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Civil Engineering in the papers today - Monday 13 October 2008

Network Rail would lose its monopoly on engineering work under Conservative plans to shake up the performance of Britain's railways.

Train operators would be invited to bid against the owner of the country's rail infrastructure for engineering tasks in the biggest shakeup of the industry since Railtrack collapsed seven years ago - The Guardian

Almost 200 miles of some of the most precious stretches of south-west England's coastline are threatened by rising sea levels, it is claimed today. Fabulous beaches and cliffs, harbours and buildings are in danger - The Guardian

The government must urgently begin improvements to make Britain's 25m homes more energy efficient if it is to reduce the UK's carbon footprint by 80% by 2050, a report says today. The report, by the Green Building Council (GBC), says some homes are so environmentally harmful that they may have to be demolished - The Guardian

Motorway toll lanes which drivers pay to use to avoid traffic could be trialled within two years after the Government sent a team to the USA to study how the scheme works. Officials from the Highways Agency and Department for Transport visited Minnesota in the summer to investigate how the 'Lexus lanes' could be brought to Britain – The Daily Telegraph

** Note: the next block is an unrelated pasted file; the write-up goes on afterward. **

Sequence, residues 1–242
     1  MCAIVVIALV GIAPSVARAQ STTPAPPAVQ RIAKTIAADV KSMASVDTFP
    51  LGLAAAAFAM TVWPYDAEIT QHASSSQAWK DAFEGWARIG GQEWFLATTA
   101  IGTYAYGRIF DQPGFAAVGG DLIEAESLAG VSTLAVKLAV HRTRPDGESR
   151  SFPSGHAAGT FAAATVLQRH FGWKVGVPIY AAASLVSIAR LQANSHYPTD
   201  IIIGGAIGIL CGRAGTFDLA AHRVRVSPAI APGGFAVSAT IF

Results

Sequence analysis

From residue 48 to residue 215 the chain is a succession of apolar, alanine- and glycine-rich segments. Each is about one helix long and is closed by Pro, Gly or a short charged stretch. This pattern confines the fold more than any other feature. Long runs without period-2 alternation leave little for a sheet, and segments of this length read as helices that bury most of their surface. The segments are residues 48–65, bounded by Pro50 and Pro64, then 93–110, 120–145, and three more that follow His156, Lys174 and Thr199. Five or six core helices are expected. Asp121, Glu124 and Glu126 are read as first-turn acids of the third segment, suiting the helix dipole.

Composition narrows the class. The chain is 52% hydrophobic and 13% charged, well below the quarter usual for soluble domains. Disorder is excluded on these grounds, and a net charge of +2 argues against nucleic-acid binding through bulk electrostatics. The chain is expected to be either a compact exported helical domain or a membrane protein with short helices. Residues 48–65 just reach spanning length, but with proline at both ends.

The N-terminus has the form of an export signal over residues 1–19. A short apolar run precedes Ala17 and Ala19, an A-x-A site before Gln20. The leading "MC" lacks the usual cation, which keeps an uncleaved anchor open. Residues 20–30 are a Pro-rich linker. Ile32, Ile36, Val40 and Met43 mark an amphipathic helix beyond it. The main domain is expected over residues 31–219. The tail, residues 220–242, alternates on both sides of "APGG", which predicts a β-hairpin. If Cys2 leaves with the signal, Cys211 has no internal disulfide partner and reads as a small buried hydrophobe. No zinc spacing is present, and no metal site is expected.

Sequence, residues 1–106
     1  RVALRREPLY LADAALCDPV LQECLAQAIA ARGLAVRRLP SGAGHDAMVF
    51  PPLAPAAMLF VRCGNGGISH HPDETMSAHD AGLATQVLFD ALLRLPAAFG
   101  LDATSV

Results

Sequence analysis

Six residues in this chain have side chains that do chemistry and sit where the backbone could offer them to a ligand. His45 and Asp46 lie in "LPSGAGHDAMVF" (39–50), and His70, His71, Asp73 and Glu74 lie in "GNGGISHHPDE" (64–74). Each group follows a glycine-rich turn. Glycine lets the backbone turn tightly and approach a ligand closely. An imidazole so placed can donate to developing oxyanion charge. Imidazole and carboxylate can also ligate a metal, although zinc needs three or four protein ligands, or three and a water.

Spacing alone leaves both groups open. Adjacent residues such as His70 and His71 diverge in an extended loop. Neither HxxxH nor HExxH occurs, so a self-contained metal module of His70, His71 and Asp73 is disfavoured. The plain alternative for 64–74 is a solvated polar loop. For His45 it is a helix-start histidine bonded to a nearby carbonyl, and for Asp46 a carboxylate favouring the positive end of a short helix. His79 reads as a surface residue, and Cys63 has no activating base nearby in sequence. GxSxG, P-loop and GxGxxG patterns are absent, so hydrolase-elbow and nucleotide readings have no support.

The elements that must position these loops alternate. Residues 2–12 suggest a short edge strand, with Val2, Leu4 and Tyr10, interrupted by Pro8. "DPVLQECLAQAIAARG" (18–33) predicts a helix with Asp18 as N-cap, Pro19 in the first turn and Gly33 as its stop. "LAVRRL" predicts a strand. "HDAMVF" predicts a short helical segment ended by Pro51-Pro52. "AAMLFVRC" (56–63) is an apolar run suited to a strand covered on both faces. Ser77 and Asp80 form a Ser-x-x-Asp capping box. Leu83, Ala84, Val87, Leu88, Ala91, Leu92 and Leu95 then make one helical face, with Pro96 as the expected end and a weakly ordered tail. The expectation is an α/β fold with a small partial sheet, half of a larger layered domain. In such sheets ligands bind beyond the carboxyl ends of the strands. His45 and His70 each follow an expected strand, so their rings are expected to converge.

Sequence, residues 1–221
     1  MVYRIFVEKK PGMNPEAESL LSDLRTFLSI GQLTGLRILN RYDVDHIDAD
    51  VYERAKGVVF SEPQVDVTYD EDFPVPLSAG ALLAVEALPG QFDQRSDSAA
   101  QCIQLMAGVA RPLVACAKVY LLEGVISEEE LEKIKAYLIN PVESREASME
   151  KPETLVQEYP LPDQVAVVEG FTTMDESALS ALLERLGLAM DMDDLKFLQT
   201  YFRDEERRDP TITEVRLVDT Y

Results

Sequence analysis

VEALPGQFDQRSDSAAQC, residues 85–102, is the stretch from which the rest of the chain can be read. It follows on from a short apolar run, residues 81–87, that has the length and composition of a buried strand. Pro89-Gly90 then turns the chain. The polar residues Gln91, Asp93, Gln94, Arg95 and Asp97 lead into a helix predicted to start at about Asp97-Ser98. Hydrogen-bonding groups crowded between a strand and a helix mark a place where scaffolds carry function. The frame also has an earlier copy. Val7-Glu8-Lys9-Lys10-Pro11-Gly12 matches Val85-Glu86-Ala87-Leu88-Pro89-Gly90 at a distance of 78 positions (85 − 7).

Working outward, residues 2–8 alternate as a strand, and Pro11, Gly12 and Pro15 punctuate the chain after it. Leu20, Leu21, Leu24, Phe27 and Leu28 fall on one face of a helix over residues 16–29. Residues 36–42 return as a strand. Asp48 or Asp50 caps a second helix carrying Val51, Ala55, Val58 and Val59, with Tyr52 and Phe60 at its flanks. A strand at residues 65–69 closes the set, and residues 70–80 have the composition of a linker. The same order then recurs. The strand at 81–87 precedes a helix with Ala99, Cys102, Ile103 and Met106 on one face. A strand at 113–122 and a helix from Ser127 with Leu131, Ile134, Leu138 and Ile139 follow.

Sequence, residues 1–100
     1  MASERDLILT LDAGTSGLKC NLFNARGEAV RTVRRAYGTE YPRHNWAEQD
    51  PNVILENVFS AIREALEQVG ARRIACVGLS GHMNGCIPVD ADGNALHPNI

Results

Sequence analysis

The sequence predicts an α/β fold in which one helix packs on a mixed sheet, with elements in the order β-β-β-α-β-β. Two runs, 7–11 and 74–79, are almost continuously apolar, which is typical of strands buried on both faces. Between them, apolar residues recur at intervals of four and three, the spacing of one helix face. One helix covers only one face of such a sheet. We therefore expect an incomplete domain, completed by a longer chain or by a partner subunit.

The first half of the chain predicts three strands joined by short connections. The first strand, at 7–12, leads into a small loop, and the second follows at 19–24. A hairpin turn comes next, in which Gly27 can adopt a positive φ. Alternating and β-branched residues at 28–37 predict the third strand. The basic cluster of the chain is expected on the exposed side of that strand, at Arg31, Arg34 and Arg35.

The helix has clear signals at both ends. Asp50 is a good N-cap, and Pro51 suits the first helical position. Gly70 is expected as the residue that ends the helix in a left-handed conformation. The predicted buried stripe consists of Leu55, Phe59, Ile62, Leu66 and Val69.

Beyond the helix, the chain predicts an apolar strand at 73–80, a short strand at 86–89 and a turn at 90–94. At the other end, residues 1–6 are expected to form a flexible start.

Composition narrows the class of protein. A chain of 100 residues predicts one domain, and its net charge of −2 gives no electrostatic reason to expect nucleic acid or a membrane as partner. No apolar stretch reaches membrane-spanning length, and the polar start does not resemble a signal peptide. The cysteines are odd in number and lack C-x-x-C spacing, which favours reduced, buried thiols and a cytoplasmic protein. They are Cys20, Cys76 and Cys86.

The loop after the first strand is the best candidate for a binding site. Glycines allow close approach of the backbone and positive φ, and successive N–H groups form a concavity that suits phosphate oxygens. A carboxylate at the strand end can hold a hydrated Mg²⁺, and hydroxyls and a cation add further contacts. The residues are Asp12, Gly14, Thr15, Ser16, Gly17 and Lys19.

EDF is to consider the sale of British Energy’s sole coal-fired power station to clear competition hurdles. The French energy company is understood to be confident that regulators in Brussels will approve the proposed £12.4 billion takeover of British Energy quickly without recourse to a lengthy phase II inquiry, which could drag on to next spring – The Times

As recession looms, it is striking that Britain’s most prestigious architecture prize has been won, not by a glitzy embodiment of corporate or public ambition but-for the first time in its 13-year history-by a housing scheme. However, whether or not the recipient of the Royal Institute of British Architects’ Stirling Prize reflects a changing zeitgeist or simply underlined the poor standard of most UK housebuilding, a scheme of the quality and intelligence of Cambridge’s Accordia deserved its evening in the televised spotlight on Saturday – Financial Times


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